We stopped by Sally’s garden just before the rain came, to help her pick peas. She’s been waiting and waiting for them. She likes to make a beautiful soup with them, simply puréeing blanched peas and a bit of lettuce with mint and broth, and thinning it all with cream. This takes quite a few peas, so I don’t ask for any today.  Besides, I know that I’ll be given free run of her garden later this week when she’s away, and we’ve already had our share of lettuces and herbs.  Living as I am, from moment to moment these days, I have no agenda other than to visit my friend and lend a hand.

As we picked and talked, a gentle mist blew in and settled around us, lower and lower.  Sally discarded fistfuls of pea vines and tendrils, and cast them between plant rows. I couldn’t help but snip the tops, and started my own little pile.

She gave a golden zucchini to my young son, who showed surprising enthusiasm.  A zucchini blossom had fallen on its own- so he took that too. He then handed me one precious pea, and I added it to my pile. Baby spinach plants needed a bit of thinning, so those went onto the pile too. Oh, and a few sprigs of basil, some celery flowers (so pretty, why not?) and chives. Sally handed two haricots verts, thin as bobby pins, to my little one – he ate them up before I even got a look.  And lastly, we were offered two tiny broccoli heads, so we snapped their tender stalks.

Just like that!  Peas all picked, appetite awakened, and he was off. As he ran up the path, all skinny legs and sandals, the drizzle turned to rain.  Dinner had revealed itself and I followed with both hands full.

Pasta with 8 Vegetables and Cream

This is an invitation rather than a recipe: if you find yourself with an assortment of tender vegetables, and the cream to enrich a sauce, I say take it and run. In terms of vegetable combinations, think of similar colors and varied textures.   We are only 3 now, but I made enough to serve 4

3/4 pound pasta (short, tubular or curved shape)

coarse salt, freshly ground pepper

extra virgin olive oil for cooking

3-4 handfuls mixed vegetables, such as: spring onion bulbs or leeks, zucchini and summer squash, sugar snap peas, asparagus, haricots verts, english peas, corn kernels, small broccoli florets, baby spinach leaves, pea shoots or other tender greens, basil, chives, mint.

1/4-1/3 cup fresh heavy cream

parmesan or pecorino romano for grating

Bring a large pot of well-salted water to a boil and add pasta; return to a boil and stir. While it’s cooking, heat a large sauté pan over medium-high heat and coat the bottom generously with olive oil.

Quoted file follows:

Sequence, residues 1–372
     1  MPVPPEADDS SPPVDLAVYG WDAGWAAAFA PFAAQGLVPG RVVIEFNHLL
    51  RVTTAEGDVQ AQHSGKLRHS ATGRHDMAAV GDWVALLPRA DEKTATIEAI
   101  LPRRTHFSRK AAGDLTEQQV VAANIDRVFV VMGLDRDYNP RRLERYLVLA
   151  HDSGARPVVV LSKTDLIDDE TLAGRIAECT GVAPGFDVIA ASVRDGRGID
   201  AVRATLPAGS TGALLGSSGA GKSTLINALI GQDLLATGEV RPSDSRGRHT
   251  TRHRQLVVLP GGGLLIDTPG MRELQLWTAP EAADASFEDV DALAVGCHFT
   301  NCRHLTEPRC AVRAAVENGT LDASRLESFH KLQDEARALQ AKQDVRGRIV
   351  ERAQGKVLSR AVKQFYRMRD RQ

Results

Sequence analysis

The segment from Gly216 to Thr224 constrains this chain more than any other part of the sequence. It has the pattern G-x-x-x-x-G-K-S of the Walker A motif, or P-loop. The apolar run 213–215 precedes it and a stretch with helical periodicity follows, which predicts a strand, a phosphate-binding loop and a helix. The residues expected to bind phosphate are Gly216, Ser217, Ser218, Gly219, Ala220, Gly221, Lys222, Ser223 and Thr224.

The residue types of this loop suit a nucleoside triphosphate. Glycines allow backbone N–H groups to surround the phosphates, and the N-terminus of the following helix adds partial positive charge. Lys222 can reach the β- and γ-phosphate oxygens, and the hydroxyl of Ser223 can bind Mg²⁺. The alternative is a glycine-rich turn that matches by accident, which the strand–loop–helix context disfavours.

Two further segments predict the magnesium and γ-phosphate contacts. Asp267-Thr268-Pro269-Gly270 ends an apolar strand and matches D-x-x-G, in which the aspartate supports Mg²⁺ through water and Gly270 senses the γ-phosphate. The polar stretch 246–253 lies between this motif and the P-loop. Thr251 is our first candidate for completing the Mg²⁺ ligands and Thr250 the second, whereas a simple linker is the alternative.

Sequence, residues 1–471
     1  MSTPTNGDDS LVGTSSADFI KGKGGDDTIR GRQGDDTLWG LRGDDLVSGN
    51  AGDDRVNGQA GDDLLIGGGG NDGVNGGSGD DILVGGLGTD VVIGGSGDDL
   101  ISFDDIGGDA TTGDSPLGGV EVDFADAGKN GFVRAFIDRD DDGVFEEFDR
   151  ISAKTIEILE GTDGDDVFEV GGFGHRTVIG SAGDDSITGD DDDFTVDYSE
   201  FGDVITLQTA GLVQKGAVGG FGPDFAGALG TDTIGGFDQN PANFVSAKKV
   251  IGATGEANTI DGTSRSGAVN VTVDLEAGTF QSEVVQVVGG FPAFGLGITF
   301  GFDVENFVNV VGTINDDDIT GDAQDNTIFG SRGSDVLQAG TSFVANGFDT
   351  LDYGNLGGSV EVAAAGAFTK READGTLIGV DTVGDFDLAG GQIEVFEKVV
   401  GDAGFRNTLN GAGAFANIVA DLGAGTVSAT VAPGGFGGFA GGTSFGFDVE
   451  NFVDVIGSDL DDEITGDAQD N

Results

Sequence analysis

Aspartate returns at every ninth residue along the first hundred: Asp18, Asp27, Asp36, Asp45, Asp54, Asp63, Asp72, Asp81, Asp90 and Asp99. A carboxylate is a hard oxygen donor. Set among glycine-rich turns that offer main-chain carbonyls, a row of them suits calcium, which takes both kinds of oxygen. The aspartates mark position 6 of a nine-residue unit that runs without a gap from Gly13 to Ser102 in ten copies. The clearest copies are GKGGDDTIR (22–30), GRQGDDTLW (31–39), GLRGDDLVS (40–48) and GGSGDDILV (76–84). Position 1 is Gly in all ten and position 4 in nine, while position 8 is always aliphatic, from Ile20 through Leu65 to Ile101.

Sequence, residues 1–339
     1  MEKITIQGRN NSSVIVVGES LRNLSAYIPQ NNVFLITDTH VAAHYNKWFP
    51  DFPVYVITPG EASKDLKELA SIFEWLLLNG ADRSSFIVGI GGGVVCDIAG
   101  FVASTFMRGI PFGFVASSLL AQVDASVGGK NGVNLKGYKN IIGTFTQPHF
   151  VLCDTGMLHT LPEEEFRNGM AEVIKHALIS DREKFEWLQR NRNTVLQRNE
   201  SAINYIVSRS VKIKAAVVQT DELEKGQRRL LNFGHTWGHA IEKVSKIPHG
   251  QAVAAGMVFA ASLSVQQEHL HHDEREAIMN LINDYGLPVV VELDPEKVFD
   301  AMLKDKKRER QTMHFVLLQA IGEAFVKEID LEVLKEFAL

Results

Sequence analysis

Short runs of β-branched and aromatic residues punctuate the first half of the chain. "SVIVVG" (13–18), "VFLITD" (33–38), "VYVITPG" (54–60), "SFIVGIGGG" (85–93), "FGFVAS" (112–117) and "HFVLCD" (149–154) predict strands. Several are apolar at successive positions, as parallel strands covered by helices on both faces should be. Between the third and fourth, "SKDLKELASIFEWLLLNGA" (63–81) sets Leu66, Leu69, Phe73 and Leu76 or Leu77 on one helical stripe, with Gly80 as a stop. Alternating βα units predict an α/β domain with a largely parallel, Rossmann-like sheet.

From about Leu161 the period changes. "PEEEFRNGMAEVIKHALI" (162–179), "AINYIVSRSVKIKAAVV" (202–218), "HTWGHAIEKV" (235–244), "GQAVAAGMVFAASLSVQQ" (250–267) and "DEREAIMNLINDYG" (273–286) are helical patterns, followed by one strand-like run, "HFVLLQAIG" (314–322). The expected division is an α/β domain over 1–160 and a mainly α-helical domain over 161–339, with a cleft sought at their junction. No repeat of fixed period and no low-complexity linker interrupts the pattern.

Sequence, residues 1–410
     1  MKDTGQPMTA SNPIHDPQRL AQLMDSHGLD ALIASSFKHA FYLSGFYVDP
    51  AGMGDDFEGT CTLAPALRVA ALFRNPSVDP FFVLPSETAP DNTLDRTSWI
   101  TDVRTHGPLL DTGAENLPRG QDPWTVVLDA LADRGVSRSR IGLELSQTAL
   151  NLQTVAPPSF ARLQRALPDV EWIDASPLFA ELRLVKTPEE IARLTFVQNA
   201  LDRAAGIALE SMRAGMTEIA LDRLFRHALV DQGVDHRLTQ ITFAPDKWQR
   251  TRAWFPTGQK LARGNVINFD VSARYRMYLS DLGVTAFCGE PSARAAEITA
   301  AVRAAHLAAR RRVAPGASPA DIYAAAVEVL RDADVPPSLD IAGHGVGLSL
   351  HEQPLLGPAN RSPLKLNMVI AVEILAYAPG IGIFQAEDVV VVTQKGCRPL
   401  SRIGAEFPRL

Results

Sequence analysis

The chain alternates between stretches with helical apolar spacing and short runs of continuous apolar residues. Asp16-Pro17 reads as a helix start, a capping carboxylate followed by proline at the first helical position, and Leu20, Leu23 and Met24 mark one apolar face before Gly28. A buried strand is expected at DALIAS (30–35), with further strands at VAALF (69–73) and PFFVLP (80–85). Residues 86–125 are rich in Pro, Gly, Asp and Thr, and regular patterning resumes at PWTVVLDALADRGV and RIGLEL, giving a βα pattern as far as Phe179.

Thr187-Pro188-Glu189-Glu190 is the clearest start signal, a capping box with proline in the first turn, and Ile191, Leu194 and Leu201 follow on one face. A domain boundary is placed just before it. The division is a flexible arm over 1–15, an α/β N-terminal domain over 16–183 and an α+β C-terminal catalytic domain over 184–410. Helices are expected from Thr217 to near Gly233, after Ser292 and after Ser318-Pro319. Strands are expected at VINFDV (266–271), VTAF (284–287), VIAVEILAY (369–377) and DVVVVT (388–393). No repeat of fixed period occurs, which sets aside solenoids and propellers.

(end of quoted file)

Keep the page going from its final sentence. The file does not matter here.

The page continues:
Make sure vegetables are cut to similar size and add the firmest ones first: chopped onion or leek, diced summer squash or zucchini, asparagus stalks, small broccoli florets and sliced sugar snap peas. Don’t crowd the pan with more than one dense layer; sprinkle with salt and cook, stirring occasionally, until barely tender- do not let them brown. Add remaining vegetables in succession- the firmest first. Reserve the most delicate leaves and herbs.

Stir to combine vegetables, and add the cream. Simmer rapidly until cream reduces by about half, 2-3 minutes. Stir baby spinach, basil, and other herbs into the pan. Add drained pasta when it is al dente, plus about 1/2 cup pasta water, tossing with cream and vegetables until all are combined in a creamy sauce; add more pasta water if the pasta needs more coating, and season as needed.  Divide among bowls and serve with cheese sprinkled on top.





The Garden Gives


Dill, Mint, Cilantro, Garlic Chives

Dill, Mint, Cilantro, Garlic Chives

Green things, LIVING and growing in front of my eyes- so audacious!  Shouldn’t you hide yourselves from me, spare me the sight of time moving on?  How am I expected to react to this loveliness all around me? Can’t stop myself from picking your leaves, sniffing the air, and imagining food to share- a future, even.

But that brings too much sadness with it, so I stop – and exist only for this moment.

Brooklyn Backyard Harvest


Plucked from the tangle

Plucked from the tangle

In the tiny, walled garden behind our house I have found inspiration among the herb leaves and raspberry bushes from June straight on through September. But now the scruffy, tangled vines and branches are a project: dry leaves need raking, branches need pulling. Days are getting shorter and soon I know my culinary inspiration will come from indoors and a desire to stir and simmer. So here is the last, golden harvest- and it promises to let summer linger for a while…